13 May 2021

Can a judge be disqualified from deciding a legal dispute on the grounds of bias if they have delivered a judgment which is unfavourable to the plaintiff in another case? Can a court be biased if a plaintiff has challenged a previous decision thereof before the European Court of Human Rights (ECtHR)? This article answers these questions by analysing a recent Supreme Court judgment

1. Facts

The plaintiff brought an application for the disqualification of the judge acting in the case and the Debrecen Regional Court as a whole in an administrative litigation pending before the regional court.

In his application, the plaintiff claimed that the judge acting in the case and the legal predecessor of the Debrecen Regional Court, the Debrecen Administrative and Labour Court, had breached procedural and substantive rules in a previous litigation when assessing the registration of a right in the land register relating to the present case.

Further, the plaintiff referred to an ongoing case before the ECtHR seated in Strasbourg, which he had initiated, over which the judge who had delivered the disputed first-instance decision was presiding.

According to the plaintiff, based on the above, the judges of the Debrecen Regional Court in the present case were biased against him and were defending the defendant.

The judges of the Debrecen Regional Court declared that they were not biased in the case at hand.

2. Decision

The Supreme Court, acting on the plaintiff's motion for disqualification, explained that in order to ensure the right to a lawful (ie, impartial) judge, the Code of Administrative Procedure (CAP),(2) which applied in the present case, sets out the absolute and relative grounds for disqualification of an acting judge or court. These grounds are similar to those provided for in the rules on disqualification set out in the Code of Civil Procedure (CCP).(3)

In his application for disqualification, the plaintiff referred to a relative ground for disqualification, arguing that – based on previous decisions of the judge and court acting in the case, which were unfavourable to the plaintiff – they could not be expected to assess the case objectively.

According to the Supreme Court, the lack of impartiality or bias of an acting judge or all of the judges of the regional court acting in an administrative case can be established only on the basis of specific facts and circumstances which make the impartiality obvious to anyone.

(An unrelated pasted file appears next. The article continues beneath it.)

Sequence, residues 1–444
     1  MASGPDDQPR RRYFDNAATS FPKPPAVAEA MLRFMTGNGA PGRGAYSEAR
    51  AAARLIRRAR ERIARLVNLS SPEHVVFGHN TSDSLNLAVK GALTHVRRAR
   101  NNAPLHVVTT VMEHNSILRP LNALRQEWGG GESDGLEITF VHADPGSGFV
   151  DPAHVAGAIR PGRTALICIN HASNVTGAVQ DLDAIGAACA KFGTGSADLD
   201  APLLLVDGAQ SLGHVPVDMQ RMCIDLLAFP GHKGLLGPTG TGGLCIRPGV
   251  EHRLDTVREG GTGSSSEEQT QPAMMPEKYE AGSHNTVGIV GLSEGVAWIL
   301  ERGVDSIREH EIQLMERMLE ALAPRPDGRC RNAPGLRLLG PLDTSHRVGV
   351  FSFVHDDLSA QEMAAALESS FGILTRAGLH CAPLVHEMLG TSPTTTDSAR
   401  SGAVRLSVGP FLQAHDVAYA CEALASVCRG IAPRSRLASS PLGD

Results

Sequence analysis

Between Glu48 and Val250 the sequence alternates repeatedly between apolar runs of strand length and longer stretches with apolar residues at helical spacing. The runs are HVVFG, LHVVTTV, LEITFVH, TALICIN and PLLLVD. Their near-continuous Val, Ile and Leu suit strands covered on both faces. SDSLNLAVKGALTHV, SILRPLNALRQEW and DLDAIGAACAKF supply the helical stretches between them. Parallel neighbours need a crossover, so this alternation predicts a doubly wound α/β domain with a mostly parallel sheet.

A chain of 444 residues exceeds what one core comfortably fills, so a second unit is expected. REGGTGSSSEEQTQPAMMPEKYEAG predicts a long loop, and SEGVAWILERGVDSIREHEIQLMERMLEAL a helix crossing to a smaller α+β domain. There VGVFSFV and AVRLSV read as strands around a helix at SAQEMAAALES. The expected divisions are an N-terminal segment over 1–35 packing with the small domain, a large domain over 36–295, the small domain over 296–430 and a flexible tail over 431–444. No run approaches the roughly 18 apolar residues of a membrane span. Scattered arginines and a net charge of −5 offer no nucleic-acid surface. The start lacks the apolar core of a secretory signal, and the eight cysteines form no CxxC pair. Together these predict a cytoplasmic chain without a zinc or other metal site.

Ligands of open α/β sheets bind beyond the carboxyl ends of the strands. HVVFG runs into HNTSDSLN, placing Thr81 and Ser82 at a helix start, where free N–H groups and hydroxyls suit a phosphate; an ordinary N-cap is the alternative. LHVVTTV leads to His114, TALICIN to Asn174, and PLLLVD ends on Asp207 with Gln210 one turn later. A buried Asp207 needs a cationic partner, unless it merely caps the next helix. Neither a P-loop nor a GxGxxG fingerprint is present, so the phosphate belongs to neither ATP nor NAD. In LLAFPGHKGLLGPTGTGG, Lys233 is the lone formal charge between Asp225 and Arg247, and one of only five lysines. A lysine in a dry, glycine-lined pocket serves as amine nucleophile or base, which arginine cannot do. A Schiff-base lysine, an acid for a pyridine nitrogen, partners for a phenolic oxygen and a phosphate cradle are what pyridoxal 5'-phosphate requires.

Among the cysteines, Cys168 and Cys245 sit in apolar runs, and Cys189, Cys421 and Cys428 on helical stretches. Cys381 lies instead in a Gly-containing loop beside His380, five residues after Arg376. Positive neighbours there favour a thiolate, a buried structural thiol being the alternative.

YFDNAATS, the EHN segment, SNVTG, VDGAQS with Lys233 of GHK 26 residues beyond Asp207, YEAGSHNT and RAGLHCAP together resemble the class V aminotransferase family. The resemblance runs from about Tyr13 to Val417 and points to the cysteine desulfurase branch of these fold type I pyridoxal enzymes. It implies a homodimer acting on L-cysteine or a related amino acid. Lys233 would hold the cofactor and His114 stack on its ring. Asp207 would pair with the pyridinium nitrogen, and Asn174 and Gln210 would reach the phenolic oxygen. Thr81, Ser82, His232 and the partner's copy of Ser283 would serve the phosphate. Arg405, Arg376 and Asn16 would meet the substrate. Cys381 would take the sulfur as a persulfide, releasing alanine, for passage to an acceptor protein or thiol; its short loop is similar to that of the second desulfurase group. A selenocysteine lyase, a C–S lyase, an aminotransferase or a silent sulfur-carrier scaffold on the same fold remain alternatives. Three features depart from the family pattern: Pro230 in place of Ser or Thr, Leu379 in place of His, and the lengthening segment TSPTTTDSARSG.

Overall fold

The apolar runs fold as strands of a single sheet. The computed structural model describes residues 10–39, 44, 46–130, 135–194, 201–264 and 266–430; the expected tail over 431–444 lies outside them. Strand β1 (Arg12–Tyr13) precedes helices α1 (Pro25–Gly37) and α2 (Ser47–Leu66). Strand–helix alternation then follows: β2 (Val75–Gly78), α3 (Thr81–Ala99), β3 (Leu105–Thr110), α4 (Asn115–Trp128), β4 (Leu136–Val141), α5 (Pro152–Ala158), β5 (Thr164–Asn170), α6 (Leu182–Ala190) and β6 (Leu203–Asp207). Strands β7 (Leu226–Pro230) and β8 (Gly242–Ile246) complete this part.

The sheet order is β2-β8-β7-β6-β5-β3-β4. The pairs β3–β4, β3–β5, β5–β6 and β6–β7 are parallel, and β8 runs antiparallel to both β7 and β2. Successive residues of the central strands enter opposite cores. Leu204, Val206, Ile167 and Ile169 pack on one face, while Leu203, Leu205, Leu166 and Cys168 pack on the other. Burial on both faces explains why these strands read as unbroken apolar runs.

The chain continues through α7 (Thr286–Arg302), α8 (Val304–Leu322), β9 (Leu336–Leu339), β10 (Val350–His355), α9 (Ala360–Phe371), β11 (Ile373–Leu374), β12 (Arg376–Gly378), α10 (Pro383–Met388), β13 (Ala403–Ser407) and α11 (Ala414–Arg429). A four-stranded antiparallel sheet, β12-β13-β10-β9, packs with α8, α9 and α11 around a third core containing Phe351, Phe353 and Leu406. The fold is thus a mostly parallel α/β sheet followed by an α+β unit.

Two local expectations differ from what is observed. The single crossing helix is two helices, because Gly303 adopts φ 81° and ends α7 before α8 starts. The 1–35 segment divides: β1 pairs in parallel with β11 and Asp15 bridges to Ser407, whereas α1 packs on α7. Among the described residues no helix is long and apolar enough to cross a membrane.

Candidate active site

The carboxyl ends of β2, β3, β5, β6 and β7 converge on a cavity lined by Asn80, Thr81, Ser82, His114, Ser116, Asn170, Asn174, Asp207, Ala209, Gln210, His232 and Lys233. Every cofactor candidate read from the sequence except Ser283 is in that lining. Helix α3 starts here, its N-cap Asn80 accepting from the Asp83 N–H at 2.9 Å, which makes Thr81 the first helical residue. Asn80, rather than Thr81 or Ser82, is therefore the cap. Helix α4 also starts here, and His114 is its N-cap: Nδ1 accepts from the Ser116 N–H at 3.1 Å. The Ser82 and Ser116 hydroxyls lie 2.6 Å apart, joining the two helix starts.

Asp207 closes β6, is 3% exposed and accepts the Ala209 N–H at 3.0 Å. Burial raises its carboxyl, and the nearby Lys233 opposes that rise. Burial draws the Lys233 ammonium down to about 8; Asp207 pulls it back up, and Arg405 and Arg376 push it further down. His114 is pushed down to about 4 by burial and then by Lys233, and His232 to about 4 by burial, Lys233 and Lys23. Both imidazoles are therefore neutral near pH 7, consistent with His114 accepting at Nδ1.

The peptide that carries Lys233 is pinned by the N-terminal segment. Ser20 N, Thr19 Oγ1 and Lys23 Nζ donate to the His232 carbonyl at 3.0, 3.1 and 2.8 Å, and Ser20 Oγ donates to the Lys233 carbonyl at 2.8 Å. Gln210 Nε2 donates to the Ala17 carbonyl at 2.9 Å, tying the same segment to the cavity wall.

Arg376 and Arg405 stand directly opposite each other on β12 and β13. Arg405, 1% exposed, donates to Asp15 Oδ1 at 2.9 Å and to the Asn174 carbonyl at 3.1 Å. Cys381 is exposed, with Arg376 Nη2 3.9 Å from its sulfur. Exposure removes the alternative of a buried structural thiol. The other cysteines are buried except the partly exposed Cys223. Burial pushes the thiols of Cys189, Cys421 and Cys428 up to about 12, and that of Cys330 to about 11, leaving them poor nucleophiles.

However, the plaintiff's subjective opinion that the court had previously delivered an unlawful decision which was unfavourable to him could not be considered such a ground.

In the Supreme Court's view, an unfavourable decision by certain judges of the Debrecen Regional Court in another case involving the plaintiff did not in itself establish a ground for the bias of the acting court.

Moreover, in the absence of any other specific facts, the acting court could not be deemed to be biased solely on the ground that the plaintiff had initiated a procedure before the ECtHR.

In view of the above, the Supreme Court dismissed the plaintiff's application for disqualification.

3. Analysis

Considering that the CAP rules on disqualification which applied in the present case are substantially identical to those of the CCP, it is worth analysing the decision in the present case on the basis of the CCP and the judicial practice of the former CCP.(4)

The CCP sets out absolute and relative grounds for the disqualification of a judge.

While absolute grounds are regulated exhaustively and have a non-discretionary nature (eg, a judge or their relative having a direct interest in the legal dispute, in which case it is clear that the judge cannot act in the case), relative grounds for disqualification are open ended(5) and can be subject to legal discretion.

Bias as a relative ground for disqualification
In domestic legal literature, relative grounds for disqualification are referred to collectively as "bias". Unlike absolute grounds for disqualification, bias always requires an individual assessment of whether the person can act as a judge in the litigation based on all of the circumstances of the case.

Based on Hungarian judicial practice, unless a judge declares themselves biased, in which case they must be disqualified from administering the legal dispute with immediate effect, the bias of a judge or court can usually be established only in exceptional cases.